Microsoft Holoportation makes working anywhere freaky and cool

JC Torres - Nov 24, 2016, 4:30 am CST
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Microsoft Holoportation makes working anywhere freaky and cool

Move over tele-commuting. Microsoft’s Holoportation will be the remote office of the future. The somewhat distant future. Microsoft has just published an update to its Holoportation idea that is making Star Wars like holographic communication a reality. And while the technology has already been proven to work, it’s far from being something you can really use anytime anywhere. In this latest iteration, however, Microsoft takes one step closer to that ideal, by allowing Holoportation to fit and be used inside a moving car.

In a nutshell, Microsoft’s Holoportation is a combination of its holographic and mixed reality technologies that records a person in another location and “projects” a full 3D representation in real-time and in another location. However, it isn’t exactly projecting into thin air like a real hologram. Instead, you view the 3D image through a headset like the Microsoft HoloLens or even an HTC Vive.

The technology was first revealed back in March this year before Microsoft’s 2016 BUILD conference. This time, however, Microsoft Research makes a significant step forward by reducing both the physical footprint as well as the needed bandwidth to make Holoportation work. To put it simply, they’re able to place the whole machine inside a car and require “only” 30 to 50 Mbps of bandwidth, which is still a lot. In practice, this makes it possible to use Holoportation inside a moving vehicle, as long as there’s a strong and good Wi-Fi connection.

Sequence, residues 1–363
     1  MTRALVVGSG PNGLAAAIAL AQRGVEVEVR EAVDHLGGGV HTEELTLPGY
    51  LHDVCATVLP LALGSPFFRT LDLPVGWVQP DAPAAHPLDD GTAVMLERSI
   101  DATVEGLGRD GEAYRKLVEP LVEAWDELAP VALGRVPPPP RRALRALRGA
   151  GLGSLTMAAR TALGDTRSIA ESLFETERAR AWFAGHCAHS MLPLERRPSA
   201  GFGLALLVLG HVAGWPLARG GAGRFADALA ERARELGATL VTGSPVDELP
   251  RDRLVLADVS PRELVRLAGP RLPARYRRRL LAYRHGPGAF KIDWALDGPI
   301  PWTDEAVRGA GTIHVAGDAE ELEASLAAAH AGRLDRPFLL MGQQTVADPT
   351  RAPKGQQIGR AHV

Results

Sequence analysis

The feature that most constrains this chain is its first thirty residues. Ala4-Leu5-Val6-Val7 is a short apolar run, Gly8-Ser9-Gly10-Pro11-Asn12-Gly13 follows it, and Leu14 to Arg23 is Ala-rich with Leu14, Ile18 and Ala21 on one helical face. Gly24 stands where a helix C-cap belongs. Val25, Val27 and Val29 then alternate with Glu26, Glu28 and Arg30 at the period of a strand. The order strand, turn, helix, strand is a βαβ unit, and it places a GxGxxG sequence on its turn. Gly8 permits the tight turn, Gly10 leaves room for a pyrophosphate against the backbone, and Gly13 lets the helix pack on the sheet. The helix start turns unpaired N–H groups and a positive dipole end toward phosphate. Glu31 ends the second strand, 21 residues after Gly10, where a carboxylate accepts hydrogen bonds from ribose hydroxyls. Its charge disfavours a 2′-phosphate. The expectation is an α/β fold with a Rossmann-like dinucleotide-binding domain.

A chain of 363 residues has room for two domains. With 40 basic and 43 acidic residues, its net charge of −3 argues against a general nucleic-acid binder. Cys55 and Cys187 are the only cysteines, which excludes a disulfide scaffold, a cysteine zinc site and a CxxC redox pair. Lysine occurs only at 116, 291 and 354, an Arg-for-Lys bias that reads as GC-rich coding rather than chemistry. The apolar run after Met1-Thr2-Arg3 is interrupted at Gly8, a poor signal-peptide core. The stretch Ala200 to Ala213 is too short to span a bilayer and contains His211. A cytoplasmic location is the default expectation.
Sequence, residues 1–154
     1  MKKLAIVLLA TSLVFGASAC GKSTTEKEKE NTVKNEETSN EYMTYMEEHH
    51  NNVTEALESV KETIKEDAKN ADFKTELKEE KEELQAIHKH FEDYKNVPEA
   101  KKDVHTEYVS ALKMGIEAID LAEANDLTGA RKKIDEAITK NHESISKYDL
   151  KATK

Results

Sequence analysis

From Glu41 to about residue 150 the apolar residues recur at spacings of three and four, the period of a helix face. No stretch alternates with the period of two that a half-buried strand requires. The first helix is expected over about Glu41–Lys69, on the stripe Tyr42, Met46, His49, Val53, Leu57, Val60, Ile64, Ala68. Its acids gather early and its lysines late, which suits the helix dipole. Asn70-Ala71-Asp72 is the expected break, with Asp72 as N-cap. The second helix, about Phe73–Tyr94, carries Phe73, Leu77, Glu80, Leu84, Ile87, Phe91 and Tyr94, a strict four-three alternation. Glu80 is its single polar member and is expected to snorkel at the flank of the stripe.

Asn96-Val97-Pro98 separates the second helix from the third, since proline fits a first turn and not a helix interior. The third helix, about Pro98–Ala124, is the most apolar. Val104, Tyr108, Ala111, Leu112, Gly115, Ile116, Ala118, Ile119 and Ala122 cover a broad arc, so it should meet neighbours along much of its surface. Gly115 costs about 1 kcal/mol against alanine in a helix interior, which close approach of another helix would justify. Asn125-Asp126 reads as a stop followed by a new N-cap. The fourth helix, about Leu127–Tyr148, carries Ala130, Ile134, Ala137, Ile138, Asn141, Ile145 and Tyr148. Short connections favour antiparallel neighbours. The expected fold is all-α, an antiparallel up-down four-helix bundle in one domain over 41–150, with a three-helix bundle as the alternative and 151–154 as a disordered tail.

Holoportation aims to make remote communication more personal by providing an actual, 3D, and real-time representation of the people you’re talking with (say goodbye to video conferencing in your PJs). There’s still a lot of work to be done, however. The in-vehicle implementation uses only two cameras, which results in lower image quality. More cameras mean higher resolutions but also requires more space. The bandwidth requirement is still pretty big, despite the 97% reduction from the first prototype. This would mean that cellular data is still out of the question.

And in case you’re wondering, the current setup requires the user to be at the back seat. Which is well and good, because you won’t want to be Holoporting while driving anyway.

SOURCE: Microsoft


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